- Engagement versus project. A traditional architectural project has a beginning and an end. The new services identified in B210-2017 are considered consulting engagements. An engagement has a scope and completion, but the end product is not the built environment; it is all of the elements that both support the built environment and effectively meet their business purpose.
- Portfolio versus building. Very rarely does a building stand on its own; it is usually a part of a real estate portfolio. When a portfolio is adequately studied, more strategic issues may be resolved. For example, can a central cafeteria encourage collaboration? Can an underutilized floor become touchdown space for sales associates? Occupancy solutions can lead to creative design challenges that positively impact the entire company and portfolio.
- Culture management versus mandates. Most people don’t like to be told what to do. When change happens—even good change—it is critical that employees are included, informed, trained, heard, and engaged. It has been proven that organizational or environmental change without engagement spawns negative results. A robust change management program should be in place early to guarantee successful results.
- Employee recruiting and retention. Technology has provided flexibility; flexibility has stimulated employee independence. No longer can an employer provide a desk and a computer terminal from 8am to 5pm and expect the employee to be content. Studies have shown that current employees are looking for interaction, mentorship, and varied work environments to satisfy their varied work functions. Employers that respond appropriately will see rises in creativity and employee commitment.
- Sustainability and wellness. Over the last century, architects have incorporated sustainability into our built environment. The next step is our journey into wellness facilities. Whether one believes in rating systems or not, we must make it a priority to increase the health of our facilities and their occupants.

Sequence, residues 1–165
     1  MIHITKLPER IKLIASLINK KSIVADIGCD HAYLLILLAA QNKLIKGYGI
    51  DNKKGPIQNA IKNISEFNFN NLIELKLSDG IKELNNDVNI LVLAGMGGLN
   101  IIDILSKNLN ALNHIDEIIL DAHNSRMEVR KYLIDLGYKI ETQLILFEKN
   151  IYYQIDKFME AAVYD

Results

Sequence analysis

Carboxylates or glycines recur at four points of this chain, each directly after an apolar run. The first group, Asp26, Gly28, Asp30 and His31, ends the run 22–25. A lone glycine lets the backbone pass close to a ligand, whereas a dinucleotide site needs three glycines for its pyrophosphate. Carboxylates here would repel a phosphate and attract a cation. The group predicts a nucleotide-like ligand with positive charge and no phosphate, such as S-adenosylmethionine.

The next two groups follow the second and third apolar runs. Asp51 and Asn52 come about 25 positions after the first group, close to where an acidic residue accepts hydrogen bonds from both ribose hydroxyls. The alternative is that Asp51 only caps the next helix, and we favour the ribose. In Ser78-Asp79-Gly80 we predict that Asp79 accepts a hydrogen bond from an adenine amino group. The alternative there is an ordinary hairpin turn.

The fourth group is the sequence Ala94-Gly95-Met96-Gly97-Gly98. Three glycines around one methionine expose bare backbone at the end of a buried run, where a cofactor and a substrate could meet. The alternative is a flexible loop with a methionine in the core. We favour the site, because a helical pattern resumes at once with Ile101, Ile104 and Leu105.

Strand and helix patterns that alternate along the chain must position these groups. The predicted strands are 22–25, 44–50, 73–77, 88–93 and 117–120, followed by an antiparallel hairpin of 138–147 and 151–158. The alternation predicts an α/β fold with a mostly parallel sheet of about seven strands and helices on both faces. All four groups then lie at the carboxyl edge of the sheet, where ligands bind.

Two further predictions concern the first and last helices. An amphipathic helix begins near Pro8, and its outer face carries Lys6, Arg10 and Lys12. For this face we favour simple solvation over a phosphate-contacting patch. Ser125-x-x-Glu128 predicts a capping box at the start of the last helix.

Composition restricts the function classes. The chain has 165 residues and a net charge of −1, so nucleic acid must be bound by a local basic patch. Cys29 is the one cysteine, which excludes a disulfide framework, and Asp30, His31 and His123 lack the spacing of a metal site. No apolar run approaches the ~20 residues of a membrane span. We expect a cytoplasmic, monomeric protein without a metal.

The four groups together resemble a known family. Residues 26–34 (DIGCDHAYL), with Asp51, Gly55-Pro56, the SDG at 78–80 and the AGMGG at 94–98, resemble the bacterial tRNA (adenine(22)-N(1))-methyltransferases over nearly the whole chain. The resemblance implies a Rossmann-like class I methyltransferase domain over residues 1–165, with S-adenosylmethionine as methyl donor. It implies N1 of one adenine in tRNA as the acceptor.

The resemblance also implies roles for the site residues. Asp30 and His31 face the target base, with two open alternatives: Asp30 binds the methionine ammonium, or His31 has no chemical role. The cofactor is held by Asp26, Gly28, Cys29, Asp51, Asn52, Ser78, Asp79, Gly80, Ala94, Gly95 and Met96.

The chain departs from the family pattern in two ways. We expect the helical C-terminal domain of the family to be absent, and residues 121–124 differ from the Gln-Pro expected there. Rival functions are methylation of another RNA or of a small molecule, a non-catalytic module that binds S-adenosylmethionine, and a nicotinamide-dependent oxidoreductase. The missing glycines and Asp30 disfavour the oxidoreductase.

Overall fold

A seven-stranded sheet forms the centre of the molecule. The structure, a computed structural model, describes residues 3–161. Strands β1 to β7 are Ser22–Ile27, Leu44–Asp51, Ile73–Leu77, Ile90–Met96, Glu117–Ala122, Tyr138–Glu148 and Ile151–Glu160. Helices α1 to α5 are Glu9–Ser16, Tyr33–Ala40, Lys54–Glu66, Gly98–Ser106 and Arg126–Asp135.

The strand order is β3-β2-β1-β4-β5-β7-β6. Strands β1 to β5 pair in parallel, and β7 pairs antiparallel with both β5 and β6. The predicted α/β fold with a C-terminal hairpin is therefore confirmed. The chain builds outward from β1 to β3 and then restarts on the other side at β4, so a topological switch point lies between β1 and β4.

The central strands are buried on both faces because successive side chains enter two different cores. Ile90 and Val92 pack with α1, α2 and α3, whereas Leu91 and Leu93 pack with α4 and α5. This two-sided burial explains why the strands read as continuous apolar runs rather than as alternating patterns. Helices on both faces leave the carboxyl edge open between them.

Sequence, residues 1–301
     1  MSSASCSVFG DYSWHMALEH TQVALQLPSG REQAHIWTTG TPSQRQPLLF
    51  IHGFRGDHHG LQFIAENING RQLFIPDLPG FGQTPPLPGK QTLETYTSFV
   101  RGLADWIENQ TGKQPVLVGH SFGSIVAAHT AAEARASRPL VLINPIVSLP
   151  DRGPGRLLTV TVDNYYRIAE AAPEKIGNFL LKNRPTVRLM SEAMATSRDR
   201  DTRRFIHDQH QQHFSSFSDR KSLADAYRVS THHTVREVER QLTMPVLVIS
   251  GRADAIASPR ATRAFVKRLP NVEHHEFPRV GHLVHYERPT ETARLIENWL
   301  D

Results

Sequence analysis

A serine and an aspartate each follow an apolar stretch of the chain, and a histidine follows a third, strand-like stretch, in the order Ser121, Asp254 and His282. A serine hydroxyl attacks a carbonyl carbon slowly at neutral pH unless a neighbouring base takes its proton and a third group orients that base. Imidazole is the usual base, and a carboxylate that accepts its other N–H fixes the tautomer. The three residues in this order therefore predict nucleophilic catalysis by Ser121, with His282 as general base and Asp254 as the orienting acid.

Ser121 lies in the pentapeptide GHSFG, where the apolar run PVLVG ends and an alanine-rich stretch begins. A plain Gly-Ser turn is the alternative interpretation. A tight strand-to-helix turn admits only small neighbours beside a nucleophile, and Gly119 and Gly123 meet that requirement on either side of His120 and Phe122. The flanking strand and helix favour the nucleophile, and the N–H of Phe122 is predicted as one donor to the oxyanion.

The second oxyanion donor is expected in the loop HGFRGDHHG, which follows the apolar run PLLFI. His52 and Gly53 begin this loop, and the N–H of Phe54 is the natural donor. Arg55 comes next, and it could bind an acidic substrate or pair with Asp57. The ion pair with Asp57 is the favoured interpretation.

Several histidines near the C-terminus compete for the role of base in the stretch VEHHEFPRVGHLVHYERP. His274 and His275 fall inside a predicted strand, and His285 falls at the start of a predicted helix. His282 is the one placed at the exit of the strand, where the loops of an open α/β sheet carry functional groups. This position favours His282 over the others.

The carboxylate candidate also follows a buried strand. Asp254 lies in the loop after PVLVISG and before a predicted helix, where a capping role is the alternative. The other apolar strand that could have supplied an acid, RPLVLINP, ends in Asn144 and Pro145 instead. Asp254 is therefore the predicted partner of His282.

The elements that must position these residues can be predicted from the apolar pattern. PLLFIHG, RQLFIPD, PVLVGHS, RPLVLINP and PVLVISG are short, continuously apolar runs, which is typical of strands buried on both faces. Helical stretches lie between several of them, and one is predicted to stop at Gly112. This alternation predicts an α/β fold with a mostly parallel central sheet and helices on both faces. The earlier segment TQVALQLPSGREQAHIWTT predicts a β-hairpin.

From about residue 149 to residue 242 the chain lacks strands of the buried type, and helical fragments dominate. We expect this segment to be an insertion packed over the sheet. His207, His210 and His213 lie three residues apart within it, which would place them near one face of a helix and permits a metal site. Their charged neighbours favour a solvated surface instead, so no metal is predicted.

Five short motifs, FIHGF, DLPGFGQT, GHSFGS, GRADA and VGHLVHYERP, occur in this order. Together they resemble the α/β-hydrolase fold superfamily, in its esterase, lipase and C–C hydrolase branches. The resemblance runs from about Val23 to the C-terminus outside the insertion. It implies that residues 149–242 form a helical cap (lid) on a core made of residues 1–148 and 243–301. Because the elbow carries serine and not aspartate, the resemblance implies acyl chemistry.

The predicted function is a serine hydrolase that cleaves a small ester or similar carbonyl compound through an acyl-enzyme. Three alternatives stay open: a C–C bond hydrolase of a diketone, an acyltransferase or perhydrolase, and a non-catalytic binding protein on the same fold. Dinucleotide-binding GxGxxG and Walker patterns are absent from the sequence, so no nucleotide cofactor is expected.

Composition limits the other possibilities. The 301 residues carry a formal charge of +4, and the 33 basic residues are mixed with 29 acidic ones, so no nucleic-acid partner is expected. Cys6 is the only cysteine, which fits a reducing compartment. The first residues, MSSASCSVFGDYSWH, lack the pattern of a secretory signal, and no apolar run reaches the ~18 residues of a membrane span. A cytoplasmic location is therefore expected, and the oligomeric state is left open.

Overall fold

- Cost avoidance and savings. All too often, projects begin abruptly and are put on a fast track for move-in. This often seems to be the most cost-effective route. However, prior occupancy planning and workplace strategy development can provide abundant cost avoidance through shared workspace, eliminating additional leases, and shared amenities that improve collaboration. Stop and think; plan ahead and save.
AIA’s B210-2017 document provides increased communication between architect and owner, allowing supporting services—beyond those listed above—to be scoped, scheduled, and priced. As architects, we need to stop thinking in terms of “projects” and start thinking about how we can be strategic partners to property owners in the management of their real estate portfolios.
For more on AIA Contract Documents, visit aiacontracts.org.
Susan Meridith Hensey, FAIA, is a Partner and Studio Principal in Little’s Newport Beach office. As a leader and founder of Little’s FM Strategies team, Susan works with clients to develop a strategic direction for their workplace and real estate portfolio. She has just completed her ten year service on the AIA’s Contract Document Committee.
John Sutton Photography